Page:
Understanding traffic disruptions caused by communication network failures through survey and simulation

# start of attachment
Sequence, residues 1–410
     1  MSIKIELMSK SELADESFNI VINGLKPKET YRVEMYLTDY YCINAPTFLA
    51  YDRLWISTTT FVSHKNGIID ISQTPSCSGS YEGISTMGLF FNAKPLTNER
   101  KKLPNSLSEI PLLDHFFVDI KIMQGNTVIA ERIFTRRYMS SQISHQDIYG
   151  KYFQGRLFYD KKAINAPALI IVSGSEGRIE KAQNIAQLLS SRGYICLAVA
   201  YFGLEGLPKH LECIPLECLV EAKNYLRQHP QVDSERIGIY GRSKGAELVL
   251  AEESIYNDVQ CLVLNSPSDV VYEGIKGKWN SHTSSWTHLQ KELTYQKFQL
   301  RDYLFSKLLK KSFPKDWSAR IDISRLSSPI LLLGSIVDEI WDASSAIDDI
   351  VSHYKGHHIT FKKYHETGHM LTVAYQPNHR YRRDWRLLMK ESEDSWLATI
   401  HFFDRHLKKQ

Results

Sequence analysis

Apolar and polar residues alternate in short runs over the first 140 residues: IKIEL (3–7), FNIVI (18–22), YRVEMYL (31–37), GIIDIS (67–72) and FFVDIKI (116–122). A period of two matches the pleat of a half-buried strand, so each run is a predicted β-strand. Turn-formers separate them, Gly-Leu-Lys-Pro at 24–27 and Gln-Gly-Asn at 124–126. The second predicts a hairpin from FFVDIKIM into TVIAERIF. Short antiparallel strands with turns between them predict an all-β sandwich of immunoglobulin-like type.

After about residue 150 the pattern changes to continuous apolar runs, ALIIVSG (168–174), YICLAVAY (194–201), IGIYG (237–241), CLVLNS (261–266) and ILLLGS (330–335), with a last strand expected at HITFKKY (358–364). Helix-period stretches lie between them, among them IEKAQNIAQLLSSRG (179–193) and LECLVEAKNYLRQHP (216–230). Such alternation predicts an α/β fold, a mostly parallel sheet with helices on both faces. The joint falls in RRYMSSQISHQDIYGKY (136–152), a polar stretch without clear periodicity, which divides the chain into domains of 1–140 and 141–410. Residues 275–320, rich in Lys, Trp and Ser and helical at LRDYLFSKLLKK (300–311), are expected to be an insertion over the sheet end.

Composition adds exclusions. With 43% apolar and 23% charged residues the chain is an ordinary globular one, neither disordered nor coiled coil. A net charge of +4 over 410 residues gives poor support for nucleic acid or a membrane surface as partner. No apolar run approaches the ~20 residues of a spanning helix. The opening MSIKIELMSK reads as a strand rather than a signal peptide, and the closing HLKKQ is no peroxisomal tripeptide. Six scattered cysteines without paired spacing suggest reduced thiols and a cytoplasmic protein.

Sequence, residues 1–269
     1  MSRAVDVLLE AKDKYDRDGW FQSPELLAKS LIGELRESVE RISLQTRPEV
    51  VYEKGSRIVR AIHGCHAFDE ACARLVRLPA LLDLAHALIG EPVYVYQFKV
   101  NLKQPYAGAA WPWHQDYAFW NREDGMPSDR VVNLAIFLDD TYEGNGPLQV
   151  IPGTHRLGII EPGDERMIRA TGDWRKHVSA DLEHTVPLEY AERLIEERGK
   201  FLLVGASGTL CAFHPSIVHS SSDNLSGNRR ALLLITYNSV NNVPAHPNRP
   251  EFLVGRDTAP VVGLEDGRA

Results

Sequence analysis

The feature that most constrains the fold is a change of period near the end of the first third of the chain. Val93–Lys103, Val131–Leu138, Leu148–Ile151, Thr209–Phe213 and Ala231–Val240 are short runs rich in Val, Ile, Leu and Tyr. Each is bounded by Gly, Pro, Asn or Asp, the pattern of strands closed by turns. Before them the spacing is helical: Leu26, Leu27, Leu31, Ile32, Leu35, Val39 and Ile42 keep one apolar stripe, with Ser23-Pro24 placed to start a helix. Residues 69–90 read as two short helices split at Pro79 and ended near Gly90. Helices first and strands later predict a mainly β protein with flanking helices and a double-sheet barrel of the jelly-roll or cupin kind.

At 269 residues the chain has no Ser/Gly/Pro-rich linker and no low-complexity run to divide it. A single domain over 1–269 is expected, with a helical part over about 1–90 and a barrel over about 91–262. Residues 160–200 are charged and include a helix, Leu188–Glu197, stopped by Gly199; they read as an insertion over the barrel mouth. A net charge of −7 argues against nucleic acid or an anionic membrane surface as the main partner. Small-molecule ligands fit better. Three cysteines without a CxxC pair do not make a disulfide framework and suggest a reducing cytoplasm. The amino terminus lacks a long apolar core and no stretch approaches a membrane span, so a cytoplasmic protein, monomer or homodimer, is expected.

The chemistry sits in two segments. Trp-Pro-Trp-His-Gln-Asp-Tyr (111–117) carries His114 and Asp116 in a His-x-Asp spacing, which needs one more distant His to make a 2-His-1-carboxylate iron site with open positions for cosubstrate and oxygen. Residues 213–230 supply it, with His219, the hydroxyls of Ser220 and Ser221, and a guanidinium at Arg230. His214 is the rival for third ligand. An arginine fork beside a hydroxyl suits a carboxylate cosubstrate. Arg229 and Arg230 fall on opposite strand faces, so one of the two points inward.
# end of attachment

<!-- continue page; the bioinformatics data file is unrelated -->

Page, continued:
Smartphone navigation applications providing real-time traffic information have become increasingly popular among drivers. Research showed that drivers' cognitive abilities for spatial navigation would deteriorate with frequent use of such applications, which eventually leads to drivers becoming unable to navigate without the applications' assistance. Unfortunately, the potential risks of disruptions to such navigation assistances due to communication network failures in the wake of unexpected events have not received considerable attention so far. The failures of navigation systems coupled with inadequate navigating cognition among drivers can potentially induce abrupt driver reactions, causing temporary disruptions in the urban traffic networks. Transportation research literature has yet to explore how drivers respond to failures of the navigation assistances when driving. Keeping focus on the above gap in the literature, this thesis explores the local- and network-level effects of such short-term disruptions by simulating the driver behavior during abrupt communications blackouts. In the first stage of the study, a survey is developed to collect drivers' stated preferences for actions to be taken under multiple scenarios related to failures with navigation applications. In the second stage, an agent-based modeling framework is proposed to simulate the effects of communication disruptions on the traffic network using the survey findings as the input. Then, a case study is conducted by applying the framework to a hypothetical scenario in the Austin downtown traffic network. Results from the case study reveal that network-wide traffic disruptions caused by systemic failures using the navigation systems are unpredictable and can become significant in several cases.